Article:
All of the numbers below, are calculated using a 164m market cap and a share price of 450p
The story doesn’t just lie with Vimto internationally. In the
, Nichols have expanded their product range to things like Cherry Vimto and the Diet range. UK
I’ll run some numbers
So what we see here is an impressive growth strategy, particularly over the last year. Margins were trimmed slightly in 2009 but this was mainly due to promotional activity to add scale. Their trading history hasn't always been so rosy. In 2005 they bough the Panda and Sunkist brands, only to have a 5.7m goodwill impairment charge on Panda in 2008. Similarly, they have spent time refocusing soft drinks towards stills and sugar free options, as carbonated fizzy drinks are hardly the beverage de jour.
Looking at the divisional break up of sales
% of Soft Drinks
You can see that international sales are rising as a share of total soft drink sales. There were some manufacturing difficulties in Yemen which held back the 2008 numbers.Growth has been good and they are turning around the beverage systems division having changed strategy. They are now number three in beverage dispense in the UK. However, what is happening with the balance sheet?
2005 2006 2007 2008 2009
Everything looks fine here. Debtor days are reducing and creditor days are not reducing. Their cash generative nature is demonstrated when you look at cash flow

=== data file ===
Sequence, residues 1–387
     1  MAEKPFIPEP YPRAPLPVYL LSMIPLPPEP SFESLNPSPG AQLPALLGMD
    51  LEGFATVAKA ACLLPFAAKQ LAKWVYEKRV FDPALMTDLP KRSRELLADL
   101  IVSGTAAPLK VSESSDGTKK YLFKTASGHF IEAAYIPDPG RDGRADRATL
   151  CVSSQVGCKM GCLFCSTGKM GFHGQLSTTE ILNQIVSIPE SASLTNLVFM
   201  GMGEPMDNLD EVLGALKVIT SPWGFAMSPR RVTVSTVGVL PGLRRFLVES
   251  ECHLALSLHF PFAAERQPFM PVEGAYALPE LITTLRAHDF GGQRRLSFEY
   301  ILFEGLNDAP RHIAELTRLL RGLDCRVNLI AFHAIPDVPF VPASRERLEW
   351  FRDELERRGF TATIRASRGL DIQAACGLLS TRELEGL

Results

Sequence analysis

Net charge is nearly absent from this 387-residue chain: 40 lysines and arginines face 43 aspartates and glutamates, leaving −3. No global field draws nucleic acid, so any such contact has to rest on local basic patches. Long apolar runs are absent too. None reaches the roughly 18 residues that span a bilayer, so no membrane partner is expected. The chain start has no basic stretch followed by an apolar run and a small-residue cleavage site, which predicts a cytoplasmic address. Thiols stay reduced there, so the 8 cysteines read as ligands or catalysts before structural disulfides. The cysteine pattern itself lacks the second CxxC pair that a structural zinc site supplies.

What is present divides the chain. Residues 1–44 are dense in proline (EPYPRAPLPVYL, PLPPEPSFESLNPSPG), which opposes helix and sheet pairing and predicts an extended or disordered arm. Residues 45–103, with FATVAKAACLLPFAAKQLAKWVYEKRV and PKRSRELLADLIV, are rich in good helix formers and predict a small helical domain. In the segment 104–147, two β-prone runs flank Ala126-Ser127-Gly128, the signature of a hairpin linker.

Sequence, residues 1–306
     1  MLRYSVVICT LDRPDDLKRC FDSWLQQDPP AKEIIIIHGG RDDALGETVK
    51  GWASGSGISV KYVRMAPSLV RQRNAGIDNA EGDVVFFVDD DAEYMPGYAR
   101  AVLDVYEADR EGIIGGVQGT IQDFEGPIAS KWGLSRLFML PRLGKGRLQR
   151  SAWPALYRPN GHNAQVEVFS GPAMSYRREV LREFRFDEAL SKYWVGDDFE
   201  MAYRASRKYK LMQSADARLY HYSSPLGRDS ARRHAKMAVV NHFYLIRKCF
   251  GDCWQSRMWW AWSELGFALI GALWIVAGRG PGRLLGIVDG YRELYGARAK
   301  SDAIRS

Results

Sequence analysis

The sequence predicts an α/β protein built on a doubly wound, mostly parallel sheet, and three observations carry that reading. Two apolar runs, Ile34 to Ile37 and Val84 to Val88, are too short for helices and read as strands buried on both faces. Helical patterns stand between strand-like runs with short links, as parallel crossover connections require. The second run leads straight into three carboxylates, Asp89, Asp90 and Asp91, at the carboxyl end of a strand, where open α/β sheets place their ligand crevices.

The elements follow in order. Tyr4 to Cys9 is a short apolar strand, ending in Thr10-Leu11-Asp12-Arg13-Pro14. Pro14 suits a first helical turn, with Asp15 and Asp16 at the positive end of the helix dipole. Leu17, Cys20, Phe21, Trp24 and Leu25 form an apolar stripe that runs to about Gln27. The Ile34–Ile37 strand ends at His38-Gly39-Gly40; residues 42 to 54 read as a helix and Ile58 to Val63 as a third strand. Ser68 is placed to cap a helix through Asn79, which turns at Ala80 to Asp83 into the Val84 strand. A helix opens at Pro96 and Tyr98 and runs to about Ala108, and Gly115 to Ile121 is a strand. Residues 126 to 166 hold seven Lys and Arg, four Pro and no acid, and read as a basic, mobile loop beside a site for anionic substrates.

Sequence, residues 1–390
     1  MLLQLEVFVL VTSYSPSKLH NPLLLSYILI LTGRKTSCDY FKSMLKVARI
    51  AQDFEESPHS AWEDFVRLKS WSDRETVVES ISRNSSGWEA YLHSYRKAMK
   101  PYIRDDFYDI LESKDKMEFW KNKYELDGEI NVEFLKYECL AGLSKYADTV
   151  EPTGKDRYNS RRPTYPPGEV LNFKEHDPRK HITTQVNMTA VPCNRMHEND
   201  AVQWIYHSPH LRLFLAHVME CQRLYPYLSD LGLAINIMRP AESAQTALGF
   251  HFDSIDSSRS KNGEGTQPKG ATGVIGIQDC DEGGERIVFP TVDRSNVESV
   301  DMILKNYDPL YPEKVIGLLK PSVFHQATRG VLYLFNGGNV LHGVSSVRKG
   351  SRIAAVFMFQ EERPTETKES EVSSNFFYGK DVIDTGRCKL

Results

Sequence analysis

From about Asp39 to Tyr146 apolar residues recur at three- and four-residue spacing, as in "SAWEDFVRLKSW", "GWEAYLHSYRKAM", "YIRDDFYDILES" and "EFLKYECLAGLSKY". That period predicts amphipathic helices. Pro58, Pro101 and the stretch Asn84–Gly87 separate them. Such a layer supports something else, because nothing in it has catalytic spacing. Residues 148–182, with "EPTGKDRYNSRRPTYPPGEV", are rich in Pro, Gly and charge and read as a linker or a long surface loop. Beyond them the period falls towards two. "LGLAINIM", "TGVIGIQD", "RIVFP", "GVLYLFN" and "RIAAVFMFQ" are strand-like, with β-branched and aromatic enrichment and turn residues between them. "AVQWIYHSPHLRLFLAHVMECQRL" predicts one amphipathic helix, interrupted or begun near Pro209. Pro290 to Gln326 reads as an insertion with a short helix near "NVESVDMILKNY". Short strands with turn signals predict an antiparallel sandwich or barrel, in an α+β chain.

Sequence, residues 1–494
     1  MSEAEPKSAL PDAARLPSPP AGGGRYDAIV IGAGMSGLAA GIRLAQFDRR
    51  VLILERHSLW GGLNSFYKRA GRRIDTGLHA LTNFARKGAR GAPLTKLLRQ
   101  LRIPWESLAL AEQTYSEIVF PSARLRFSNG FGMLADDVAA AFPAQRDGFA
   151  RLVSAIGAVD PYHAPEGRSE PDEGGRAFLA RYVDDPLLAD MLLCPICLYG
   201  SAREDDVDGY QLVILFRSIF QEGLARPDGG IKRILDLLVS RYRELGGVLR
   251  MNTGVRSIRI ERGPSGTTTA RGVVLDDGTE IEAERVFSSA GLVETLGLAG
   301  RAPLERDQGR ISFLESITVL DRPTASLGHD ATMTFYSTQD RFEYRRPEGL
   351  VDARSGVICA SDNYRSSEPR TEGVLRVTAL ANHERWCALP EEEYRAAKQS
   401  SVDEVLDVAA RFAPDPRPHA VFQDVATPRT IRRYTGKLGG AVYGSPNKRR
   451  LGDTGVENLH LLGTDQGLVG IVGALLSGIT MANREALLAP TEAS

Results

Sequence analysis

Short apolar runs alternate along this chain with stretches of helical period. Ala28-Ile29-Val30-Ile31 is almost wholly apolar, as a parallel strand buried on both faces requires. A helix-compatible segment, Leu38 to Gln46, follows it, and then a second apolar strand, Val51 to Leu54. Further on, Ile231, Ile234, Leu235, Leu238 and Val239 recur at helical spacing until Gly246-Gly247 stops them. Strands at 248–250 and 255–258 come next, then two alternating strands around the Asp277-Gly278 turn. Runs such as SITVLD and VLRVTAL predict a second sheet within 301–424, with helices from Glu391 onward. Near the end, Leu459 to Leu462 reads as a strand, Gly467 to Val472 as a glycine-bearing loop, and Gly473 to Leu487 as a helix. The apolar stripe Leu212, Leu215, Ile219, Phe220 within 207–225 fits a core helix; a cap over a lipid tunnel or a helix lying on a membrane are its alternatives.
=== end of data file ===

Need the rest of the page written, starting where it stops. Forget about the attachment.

2005 2006 2007 2008 2009
|Op Cash Flow||9704||5841||7178||9414||14102|
This analysis is based on a share price of 450p and a market cap of 164m. So, it looks like they are incrementally adding free cash flow margin as turnover and profitability goes up. I'm very impressed with the trend in cash flow conversion. This suggests that as long as they can continue to grow revenues, they can increase free cash flow.
Consensus forecasts are for revenues of 80.4 and 83.75m revenues for 2010 and 2011 respectively.
The main downside risks are that they fail to continue to execute in the UK, bad weather (which affected 07 and 08) and a change of consumer tastes in the UK. There is also the general macro economic risk of falling UK carbonate and still sales.
The upside risk comes from continued strong growth in the Middle East and Africa. Furthermore, a potential purchaser spotting their positioning in the middle east and buying them out. Indeed, they were approached a couple of years ago. This was possibly AG Barr (Irn Bru etc) before they bought out Rubicon.
I think you could easily see them generating 9.6m in free cash flow in 2011 so a share price of 480p (a 5.5% FCFYield) is not unreasonable. However, at the current price I would probably want a dip first.
Disclaimer: I have no position. All figures are estimates, of which I take no responsibility for and, this doesn't constitute investment advice.